Apart from the generous number of ports and keyboard size, the large profile of the Transformer Flip Book also allowed the brand to infuse the device with powerful internals. Unlike most ultrabooks and similar devices, the laptop comes powered by Intel Core i3 3rd-gen processor, which offers two cores ticking at 1.9GHz. The processor is also optimised for low-power consumption to ensure better battery efficiency. The device is great for casual gamers since it gets a dedicated 2GB graphics card, the NVIDIA GeForce 820M. Augmenting the processor is 2GB of RAM.
With such a powerful combination, the laptop showed nary a hiccup. Accessing files on Windows, opening different apps or browsing websites was all very snappy. We even tried a few games on the ASUS Transformer Flip Book and came away impressed with its performance.
With the 1TB HDD on the ASUS Transformer Flip Book, you don’t have to worry about your storage needs at all. The laptop has two partitions – one of them acts as primary drive with 372GB of space where Windows is installed, whereas the other drive has 537GB of storage.
The ASUS Transformer Flip Book runs Windows 8.1. Since we have discussed it quite a few times (see our HP Omni 10 review), we're not going go into the details. Thanks to the touchscreen, you can make use of Windows-supported gestures, which make it much more fun and intuitive to use, unlike using gestures via the touchpad. In terms of preloaded content, the device comes with Microsoft Office, but not much else. Consumers also get ASUS Webstorage with the device, which is the company’s own cloud service.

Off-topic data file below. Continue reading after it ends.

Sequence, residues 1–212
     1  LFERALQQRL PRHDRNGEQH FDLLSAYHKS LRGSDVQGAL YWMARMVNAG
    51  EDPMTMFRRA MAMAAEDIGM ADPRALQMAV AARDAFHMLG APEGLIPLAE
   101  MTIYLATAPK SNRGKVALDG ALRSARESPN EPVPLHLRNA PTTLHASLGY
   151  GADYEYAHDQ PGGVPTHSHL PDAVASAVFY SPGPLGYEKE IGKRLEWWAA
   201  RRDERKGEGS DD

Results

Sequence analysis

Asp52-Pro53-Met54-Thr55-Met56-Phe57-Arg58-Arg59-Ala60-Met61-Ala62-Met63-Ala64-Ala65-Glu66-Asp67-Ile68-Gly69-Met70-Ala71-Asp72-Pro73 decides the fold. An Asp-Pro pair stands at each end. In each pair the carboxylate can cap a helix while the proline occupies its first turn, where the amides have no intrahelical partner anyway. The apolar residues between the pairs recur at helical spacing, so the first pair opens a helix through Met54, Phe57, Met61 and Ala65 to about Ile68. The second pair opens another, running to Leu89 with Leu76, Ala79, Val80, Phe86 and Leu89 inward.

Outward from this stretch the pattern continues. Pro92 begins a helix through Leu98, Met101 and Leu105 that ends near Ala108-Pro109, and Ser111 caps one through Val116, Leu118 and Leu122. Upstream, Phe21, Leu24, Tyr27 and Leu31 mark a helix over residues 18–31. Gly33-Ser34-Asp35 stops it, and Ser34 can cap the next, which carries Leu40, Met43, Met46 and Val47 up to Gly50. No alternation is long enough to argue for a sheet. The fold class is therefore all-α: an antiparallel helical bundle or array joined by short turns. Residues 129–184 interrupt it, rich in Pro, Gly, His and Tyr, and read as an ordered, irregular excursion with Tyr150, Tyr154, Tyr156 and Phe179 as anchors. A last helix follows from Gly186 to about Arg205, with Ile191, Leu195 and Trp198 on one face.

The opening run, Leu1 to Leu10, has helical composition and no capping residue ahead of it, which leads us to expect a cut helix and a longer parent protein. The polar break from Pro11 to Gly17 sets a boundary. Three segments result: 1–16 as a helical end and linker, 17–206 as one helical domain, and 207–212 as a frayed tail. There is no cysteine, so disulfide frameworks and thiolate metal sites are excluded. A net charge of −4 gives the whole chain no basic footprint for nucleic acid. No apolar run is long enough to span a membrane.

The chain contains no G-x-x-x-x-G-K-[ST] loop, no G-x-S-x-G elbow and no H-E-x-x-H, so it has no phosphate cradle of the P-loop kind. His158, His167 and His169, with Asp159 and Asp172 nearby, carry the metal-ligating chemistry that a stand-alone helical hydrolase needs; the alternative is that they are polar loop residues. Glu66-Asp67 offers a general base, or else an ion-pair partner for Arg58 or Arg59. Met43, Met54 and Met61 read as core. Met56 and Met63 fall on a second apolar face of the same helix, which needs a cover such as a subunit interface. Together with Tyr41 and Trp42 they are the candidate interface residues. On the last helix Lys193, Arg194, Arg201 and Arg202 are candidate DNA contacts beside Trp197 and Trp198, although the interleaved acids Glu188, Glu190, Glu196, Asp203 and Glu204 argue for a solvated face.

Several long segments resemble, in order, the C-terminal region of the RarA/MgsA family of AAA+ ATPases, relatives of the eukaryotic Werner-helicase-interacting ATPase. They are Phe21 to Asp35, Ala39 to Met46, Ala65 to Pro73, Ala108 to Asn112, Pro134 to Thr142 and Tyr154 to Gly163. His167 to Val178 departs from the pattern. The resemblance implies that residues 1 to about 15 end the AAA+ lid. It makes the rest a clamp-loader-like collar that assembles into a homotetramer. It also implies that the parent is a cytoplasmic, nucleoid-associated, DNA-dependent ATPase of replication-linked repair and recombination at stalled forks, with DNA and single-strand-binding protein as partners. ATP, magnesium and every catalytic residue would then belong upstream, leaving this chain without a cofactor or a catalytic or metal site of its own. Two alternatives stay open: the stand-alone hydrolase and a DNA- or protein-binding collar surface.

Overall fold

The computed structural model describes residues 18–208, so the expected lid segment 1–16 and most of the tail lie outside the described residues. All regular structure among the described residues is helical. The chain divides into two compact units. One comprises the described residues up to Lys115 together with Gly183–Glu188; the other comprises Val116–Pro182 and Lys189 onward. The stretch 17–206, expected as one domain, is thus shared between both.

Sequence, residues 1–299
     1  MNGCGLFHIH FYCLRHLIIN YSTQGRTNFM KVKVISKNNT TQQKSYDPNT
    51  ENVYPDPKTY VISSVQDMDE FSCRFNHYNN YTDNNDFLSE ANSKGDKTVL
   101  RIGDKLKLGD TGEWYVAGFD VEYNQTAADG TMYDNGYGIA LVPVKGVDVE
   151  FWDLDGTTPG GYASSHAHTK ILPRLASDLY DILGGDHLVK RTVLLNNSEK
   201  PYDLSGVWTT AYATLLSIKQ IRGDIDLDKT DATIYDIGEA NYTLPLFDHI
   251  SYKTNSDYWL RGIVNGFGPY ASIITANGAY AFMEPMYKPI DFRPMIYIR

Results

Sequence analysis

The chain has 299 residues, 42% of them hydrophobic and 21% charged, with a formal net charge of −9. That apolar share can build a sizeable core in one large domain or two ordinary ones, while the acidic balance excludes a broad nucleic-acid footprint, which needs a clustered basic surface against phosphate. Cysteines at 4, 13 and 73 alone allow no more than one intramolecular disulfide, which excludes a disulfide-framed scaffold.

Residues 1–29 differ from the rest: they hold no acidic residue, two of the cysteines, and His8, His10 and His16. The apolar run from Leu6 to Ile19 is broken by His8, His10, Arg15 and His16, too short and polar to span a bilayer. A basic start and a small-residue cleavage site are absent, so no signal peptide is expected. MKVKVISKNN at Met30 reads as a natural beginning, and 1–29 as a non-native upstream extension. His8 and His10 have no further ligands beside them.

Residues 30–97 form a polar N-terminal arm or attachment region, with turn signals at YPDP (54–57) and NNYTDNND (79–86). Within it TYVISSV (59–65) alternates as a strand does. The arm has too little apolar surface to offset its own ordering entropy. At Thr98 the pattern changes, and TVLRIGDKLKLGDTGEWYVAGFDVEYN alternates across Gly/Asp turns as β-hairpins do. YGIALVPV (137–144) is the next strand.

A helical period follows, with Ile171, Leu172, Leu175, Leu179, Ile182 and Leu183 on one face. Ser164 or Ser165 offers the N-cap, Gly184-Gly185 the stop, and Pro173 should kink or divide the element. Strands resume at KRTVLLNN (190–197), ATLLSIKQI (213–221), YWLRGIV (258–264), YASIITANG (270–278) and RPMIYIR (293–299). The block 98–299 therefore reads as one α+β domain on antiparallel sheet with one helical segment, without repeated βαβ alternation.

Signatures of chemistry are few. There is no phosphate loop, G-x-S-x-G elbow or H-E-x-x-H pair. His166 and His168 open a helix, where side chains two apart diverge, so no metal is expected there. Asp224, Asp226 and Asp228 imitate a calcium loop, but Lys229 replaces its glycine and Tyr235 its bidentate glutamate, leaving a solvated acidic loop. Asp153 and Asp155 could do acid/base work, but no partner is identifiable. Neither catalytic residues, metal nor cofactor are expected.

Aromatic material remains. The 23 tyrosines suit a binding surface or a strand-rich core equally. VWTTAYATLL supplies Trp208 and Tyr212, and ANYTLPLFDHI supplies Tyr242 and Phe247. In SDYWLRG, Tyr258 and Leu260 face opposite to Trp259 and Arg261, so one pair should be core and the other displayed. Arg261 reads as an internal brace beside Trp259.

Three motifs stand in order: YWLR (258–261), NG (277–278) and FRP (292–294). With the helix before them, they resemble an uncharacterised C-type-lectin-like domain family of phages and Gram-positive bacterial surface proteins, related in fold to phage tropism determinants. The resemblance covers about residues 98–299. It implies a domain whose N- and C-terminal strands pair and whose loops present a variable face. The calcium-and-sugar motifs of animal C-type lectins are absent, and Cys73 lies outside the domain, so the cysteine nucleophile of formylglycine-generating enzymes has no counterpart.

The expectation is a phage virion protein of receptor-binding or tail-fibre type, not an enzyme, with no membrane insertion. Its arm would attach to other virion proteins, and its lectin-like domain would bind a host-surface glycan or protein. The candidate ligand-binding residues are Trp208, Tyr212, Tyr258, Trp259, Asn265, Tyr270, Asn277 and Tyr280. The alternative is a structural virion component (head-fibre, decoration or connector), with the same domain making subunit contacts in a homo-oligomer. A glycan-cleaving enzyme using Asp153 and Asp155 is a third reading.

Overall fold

With the SonicMaster sound technology and speakers, the Transformer Flip Book is fairly loud and offers good sound quality for watching movies or listening to audio tracks. Connectivity-wise, the laptop offers Wi-Fi and Bluetooth 4.0, apart from wired options such as Ethernet and HDMI.
The 2-cell battery keeps the ASUS Transformer Flip Book up and running. While using it for tasks such as web browsing, the device offers good battery life. Even while watching movies, we were able to derive approximately three hours of runtime without looking for the charger.
The device also comes with instant-on technology allowing it to wake up from sleep within two seconds. ASUS also promises that the Transformer Flip Book can remain in sleep mode for up to 14 days. Even if its battery level drops below five percent, you needn’t worry about data loss, since it’s automatically backed up.
On paper, the idea of using a device as a laptop, tablet or anything in between looks really good. However, ASUS seems to have forgotten the actual use cases for such a device. With its heavy construction, it’s almost impossible to use the Transformer Flip Book as a tablet, especially if you’re holding it in your hands.
During our testing period, we used the device primarily as a regular laptop, and hardly ever as tablet, even though that's its biggest USP. As a laptop, the device scores almost full marks, since we didn’t find any issues in its display or performance, and even its battery life.
Sadly, in a bid to offer the best of the both worlds, we feel that ASUS has made some serious lapses with the Transformer Flip Book. With the price tag of Rs 48,000, the device is placed at the upper end of the spectrum. At this price point, you can get a fully-loaded laptop with powerful hardware and yet, it would be less bulky than ASUS’ offering. If you’re looking for 2-in-1 functionality, you could also look at Lenovo’s popular Yoga series of convertibles, which offer similar hardware in a smaller and more ergonomic form factor.
Photos by Raj Rout